UPDATE 1-French jobless total hits new high in April

Wed May 28, 2014 12:30pm EDT

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PARIS May 28 (Reuters) - The number of people without a job in France rose by 14,800 in April to a new record, undermining President Francois Hollande's campaign to bring unemployment down.

Labour ministry data on Wednesday showed that the number of people registered out of work reached 3,364,100 in mainland France, an increase 0.4 percent over one month and 3.5 percent over one year.

Hollande has watched his ratings crumble to record lows as he has struggled to live up to promises to wrestle down unemployment, which stood at 10.2 percent at the end of last year, according to the most recent figures.

The Socialist leader, who is also having little success reviving the euro zone's second-biggest economy, has said he would not run for re-election in 2017 if unemployment does not fall by the end of his term.

Hollande's government is counting on growth of 1 percent this year, but that may be a stretch after the economy stagnated in the first three months of the year.

"We need pretty strong quarterly growth of the order of 0.4 percent to get a significant decrease in unemployment, especially since companies are still overstaffed," said economist Bruno Ducoudre at the OFCE think-tank.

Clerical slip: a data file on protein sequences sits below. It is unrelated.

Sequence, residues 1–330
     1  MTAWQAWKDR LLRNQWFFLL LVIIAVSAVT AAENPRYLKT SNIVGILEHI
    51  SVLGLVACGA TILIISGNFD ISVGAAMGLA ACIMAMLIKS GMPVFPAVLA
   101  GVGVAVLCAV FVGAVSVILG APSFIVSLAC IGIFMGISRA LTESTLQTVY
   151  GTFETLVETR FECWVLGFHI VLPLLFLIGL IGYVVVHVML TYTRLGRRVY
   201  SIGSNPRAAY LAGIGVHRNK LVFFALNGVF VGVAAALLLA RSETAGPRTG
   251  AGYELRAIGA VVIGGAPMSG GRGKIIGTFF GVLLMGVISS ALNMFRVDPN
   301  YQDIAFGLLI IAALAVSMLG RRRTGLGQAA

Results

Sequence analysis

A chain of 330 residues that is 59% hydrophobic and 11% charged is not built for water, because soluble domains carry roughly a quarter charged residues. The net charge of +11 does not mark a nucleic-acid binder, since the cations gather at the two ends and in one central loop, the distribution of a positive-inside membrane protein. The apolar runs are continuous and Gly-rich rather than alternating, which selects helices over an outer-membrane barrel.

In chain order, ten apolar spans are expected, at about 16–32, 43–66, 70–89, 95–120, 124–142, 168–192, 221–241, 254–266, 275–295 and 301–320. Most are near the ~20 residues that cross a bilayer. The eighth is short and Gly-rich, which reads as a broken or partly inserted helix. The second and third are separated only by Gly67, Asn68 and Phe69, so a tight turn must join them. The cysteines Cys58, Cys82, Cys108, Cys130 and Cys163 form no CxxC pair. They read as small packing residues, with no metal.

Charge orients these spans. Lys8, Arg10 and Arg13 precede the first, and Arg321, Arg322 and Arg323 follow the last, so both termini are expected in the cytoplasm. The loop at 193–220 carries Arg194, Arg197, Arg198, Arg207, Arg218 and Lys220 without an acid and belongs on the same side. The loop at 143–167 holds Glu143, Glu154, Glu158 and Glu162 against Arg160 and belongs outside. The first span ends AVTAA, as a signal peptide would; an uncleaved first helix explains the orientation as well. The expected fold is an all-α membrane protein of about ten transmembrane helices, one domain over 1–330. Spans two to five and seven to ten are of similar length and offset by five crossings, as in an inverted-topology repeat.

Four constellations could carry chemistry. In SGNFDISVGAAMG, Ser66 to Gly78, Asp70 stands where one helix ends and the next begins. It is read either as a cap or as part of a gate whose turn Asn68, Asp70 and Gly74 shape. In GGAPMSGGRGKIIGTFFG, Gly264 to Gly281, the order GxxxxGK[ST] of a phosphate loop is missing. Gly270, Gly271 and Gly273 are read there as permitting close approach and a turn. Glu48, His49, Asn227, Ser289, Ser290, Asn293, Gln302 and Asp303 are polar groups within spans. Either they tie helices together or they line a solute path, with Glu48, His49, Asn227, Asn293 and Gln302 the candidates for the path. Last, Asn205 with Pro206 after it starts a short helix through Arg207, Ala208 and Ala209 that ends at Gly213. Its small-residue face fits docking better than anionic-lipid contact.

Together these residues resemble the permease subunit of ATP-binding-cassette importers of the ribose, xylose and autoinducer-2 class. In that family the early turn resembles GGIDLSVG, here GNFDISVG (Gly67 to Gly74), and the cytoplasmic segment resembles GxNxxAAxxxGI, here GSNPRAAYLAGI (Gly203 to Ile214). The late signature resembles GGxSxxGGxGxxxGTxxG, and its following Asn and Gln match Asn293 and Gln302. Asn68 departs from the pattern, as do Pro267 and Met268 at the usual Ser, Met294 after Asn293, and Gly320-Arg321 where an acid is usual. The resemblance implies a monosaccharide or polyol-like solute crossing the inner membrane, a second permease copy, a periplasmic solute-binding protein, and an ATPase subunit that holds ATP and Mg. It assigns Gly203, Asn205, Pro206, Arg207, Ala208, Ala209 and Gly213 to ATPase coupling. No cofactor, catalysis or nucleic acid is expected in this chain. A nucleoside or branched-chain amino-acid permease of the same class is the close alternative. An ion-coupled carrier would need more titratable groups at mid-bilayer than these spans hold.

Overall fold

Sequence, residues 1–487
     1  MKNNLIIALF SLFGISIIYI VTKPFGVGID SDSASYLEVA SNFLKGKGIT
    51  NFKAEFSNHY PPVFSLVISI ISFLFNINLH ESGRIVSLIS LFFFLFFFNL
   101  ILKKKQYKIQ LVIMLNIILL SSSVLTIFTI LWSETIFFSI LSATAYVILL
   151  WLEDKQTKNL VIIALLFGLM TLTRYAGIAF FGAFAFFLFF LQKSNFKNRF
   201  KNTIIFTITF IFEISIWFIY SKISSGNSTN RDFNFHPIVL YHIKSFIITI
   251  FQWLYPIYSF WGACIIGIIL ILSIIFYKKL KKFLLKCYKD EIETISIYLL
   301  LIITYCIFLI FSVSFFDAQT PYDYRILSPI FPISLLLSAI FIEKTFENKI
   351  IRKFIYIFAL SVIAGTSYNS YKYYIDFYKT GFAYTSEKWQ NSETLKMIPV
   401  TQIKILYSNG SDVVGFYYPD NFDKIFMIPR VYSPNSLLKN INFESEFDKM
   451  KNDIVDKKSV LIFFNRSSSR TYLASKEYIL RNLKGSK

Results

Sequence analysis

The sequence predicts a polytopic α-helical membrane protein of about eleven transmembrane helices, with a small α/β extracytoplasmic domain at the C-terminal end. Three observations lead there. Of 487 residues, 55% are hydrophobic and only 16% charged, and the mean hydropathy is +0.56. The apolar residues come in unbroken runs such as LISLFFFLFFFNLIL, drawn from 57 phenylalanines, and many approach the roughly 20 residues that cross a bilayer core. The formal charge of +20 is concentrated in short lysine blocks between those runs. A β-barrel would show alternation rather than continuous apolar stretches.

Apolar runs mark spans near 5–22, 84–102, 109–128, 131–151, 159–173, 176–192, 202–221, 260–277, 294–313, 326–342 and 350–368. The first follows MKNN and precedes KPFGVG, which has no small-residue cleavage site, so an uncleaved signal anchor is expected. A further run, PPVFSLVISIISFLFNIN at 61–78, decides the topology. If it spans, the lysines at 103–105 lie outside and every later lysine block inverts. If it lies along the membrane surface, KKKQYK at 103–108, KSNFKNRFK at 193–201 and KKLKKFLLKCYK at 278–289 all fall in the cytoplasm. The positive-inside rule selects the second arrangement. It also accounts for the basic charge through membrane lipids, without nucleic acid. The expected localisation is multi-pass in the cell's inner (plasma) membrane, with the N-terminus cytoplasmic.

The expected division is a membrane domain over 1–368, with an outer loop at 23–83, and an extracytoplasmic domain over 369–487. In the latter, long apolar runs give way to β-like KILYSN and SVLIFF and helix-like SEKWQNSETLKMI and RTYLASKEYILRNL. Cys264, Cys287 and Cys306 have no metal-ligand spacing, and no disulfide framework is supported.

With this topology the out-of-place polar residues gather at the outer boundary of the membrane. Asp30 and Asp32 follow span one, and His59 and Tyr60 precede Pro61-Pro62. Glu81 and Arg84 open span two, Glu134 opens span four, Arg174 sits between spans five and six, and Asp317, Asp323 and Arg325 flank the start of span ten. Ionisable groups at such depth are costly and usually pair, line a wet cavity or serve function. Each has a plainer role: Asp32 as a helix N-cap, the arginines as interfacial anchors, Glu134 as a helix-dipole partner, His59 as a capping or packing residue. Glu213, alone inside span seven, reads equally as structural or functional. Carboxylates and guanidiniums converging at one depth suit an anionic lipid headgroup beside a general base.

Hollande is pinning his recovery hopes on plans to phase out 30 billion euros ($40.8 billion) in payroll tax on companies in exchange for commitments to hire and invest in France.

He renewed his promise to reform France and refocus Europe on jobs and growth after his Socialist Party came third in European Parliament elections on Sunday, trailing behind both the conservative UMP party and the far-right National Front.

"In 2008 during the crisis, we were told that by 2011 things would be better and we're in 2014," said Sebastien Duthoit, a legal consultant in his thirties.

"So it's not going to be in 2014 in any case, maybe 2017, 2020, but not any time soon," he added. ($1 = 0.7354 Euros) (Reporting by Leigh Thomas; Additional reporting by Pauline Ades-Mevel)

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